Editorial: MAP grant funding should remain priority


Patrick Murphy

With the added stress of the pandemic, MAP grant funding should still be a priority.

In Illinois, the MAP grant program helps college students ease the burden of student loan debt. But with a rocky financial history and the added stress of the pandemic, maintaining MAP grant funding is more important than ever.

MAP grant funding is important, and students should hold the Illinois government to maintaining the Illinois Student Assistance Commission’s funds even after the pandemic finally ends.

The Monetary Award Program provides eligible Illinois college students with grant money to help cover the cost of tuition and other mandatory fees. This grant comes from the Illinois government and does not have to be repaid, according to the commission’s website.

MAP grants are distributed by the Illinois Student Assistance Commission based on financial need determined by filling out the Free Application for Federal Student Aid. Once the FAFSA has been completed, Illinois college students may be eligible for the MAP grant. 

To be eligible for the MAP grant, students must demonstrate financial need, apply for the FAFSA by the commission’s suspension period and maintain good academic standing with their university, among other criteria.

Over 135,000 students receive financial assistance from MAP grants, according to Illinois’ FY21 budget. Of those students, about 53% are so low-income they’re considered unable to provide for their own college expenses, according to the commission’s website.

At NIU, 41% of students received the MAP grant during the Fall 2020 semester, NIU spokesperson Joe King said. With so many students relying on those additional funds, the consequences of inadequate MAP grant funding would be devastating for so many students.

In the past, MAP grant funding has been unstable. 

During the 2016 Illinois Budget Impasse, MAP grant funding was cut from $364.1 million to $169.8 million, according to records from the Illinois State Comptroller’s office. This had a chilling effect on college students at the time as one in seven students who received MAP grant funds reported they may drop out if MAP grants weren’t funded.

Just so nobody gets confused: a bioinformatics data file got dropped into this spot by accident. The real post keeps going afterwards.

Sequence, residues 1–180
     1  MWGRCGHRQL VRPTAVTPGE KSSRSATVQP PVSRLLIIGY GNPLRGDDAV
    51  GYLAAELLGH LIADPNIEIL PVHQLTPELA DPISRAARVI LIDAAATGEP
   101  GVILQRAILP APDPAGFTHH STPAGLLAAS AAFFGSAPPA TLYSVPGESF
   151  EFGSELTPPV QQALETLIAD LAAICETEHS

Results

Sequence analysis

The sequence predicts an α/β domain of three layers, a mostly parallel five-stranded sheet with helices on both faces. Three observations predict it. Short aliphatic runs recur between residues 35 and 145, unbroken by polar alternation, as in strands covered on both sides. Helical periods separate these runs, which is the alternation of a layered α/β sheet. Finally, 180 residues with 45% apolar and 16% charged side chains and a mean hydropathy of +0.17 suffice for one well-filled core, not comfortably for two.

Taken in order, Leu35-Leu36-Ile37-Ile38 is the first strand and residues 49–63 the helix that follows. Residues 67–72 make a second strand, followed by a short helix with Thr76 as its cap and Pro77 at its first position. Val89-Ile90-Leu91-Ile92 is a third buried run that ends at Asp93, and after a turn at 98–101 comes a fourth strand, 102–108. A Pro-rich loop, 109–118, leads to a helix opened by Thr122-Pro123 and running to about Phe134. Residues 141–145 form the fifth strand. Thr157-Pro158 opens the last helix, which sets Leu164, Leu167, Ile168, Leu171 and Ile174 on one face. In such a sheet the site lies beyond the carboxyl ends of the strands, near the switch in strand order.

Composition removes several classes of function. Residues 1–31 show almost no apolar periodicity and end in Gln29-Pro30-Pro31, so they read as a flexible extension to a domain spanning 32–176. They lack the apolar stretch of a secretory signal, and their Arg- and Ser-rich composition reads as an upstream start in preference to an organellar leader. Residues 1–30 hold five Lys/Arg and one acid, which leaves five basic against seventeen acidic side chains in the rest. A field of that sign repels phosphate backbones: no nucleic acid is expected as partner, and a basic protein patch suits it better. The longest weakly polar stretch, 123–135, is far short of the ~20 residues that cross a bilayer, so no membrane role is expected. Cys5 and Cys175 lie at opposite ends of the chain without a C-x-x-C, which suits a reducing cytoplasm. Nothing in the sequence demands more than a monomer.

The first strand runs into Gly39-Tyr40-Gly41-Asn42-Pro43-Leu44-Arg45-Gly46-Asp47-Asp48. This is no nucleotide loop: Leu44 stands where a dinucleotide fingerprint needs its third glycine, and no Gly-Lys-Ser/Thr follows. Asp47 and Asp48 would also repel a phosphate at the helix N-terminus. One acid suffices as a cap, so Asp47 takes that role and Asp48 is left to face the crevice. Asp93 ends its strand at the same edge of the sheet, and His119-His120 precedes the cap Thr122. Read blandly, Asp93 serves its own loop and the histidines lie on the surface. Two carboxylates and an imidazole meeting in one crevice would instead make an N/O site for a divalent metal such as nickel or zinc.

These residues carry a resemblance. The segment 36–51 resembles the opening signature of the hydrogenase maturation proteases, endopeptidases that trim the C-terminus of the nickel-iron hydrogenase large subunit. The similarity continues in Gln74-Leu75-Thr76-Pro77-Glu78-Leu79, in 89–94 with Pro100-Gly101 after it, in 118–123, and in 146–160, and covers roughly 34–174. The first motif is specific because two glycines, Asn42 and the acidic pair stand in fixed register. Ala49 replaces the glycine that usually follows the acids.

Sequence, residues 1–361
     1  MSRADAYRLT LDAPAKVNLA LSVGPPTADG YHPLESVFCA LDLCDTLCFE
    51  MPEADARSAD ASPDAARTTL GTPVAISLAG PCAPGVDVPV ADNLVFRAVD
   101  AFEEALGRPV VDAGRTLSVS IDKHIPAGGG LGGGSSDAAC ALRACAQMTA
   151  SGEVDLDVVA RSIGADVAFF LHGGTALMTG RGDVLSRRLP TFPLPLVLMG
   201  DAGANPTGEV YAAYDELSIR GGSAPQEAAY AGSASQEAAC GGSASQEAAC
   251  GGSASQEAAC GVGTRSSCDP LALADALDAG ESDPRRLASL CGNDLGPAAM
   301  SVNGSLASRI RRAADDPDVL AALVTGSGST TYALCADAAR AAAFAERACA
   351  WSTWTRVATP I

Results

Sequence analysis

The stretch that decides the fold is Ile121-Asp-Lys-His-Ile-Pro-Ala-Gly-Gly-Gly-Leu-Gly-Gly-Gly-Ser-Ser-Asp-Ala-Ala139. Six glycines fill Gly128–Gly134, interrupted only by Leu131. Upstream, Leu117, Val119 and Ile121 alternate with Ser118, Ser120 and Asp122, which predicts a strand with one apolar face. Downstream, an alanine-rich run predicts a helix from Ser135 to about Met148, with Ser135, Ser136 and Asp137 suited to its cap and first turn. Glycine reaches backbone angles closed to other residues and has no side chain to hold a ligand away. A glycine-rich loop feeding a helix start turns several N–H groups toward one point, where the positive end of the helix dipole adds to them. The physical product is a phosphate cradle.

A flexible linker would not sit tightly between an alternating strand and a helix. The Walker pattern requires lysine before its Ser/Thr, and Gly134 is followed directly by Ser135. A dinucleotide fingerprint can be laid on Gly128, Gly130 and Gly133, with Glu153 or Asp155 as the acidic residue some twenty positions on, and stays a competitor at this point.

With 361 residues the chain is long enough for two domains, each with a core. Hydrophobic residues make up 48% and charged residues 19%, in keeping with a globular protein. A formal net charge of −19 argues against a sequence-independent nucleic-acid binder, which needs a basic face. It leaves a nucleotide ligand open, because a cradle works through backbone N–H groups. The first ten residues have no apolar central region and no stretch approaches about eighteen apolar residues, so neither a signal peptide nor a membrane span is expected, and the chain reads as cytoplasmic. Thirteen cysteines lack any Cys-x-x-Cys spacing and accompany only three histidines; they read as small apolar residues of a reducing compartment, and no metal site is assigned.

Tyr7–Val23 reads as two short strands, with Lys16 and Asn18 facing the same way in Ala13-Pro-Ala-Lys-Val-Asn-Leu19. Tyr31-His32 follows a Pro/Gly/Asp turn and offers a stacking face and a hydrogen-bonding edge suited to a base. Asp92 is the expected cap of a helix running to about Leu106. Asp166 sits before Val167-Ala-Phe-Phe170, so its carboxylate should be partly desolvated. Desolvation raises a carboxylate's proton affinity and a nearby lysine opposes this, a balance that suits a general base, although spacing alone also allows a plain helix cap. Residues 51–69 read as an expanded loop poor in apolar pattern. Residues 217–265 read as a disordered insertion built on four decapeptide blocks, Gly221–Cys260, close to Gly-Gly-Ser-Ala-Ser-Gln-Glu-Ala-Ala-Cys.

If those students hadn’t received their MAP grant funds, many of them wouldn’t have been able to continue their education. King said all eligible NIU students eventually received their MAP grant funding during the budget impasse. However, such a close scare during “normal times” sets an eerie tone for what the future may hold.

With the financial strain of the pandemic, it would be a tragedy if students lost their chance at a degree because of insufficient government funds. We at the Northern Star want to see students continue to push for the funding they deserve. 

Illinois’ FY20 budget increased MAP grant funding by about $50 million to its historic high of $451.3 million, according to the commission’s website

The Illinois state budget maintains MAP grant funding at $451.3 million, according to the Illinois FY21 budget. Though we consider this a great victory for the program considering the pandemic, we should hold our state government to continue to maintain. 

Though MAP grants have been funded for the moment, students need to make sure the folks representing them in Springfield hear them even after the pandemic ends. There’s no good reason why MAP grants would be funded any less.

The MAP grant program is a wonderful way for low-income college students to finance their higher education. Continuing to fund MAP grants means hundreds of thousands of young Illinoisans can afford to earn the degree that will shape the rest of their lives.

For more information on MAP grants, visit www.isac.org.